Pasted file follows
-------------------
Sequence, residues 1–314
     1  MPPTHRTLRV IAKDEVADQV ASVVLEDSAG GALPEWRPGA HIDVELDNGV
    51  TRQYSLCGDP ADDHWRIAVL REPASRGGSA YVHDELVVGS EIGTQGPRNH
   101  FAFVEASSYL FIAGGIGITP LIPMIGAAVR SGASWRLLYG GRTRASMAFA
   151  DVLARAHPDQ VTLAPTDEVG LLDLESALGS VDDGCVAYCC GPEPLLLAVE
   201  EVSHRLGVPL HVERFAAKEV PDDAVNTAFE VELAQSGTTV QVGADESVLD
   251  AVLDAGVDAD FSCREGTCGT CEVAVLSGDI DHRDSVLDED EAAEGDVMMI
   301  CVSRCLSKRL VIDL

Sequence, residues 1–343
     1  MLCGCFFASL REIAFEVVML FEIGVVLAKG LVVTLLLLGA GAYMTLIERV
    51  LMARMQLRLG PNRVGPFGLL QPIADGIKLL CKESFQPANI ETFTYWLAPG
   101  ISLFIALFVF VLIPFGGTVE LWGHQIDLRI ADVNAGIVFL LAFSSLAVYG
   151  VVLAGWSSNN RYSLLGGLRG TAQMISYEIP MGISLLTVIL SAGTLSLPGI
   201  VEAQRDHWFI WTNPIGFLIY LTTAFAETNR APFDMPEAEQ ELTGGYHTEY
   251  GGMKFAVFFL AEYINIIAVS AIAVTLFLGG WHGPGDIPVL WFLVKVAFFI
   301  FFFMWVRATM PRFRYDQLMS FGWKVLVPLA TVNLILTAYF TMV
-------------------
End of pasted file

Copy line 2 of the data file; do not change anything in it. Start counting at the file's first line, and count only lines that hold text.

     1  MPPTHRTLRV IAKDEVADQV ASVVLEDSAG GALPEWRPGA HIDVELDNGV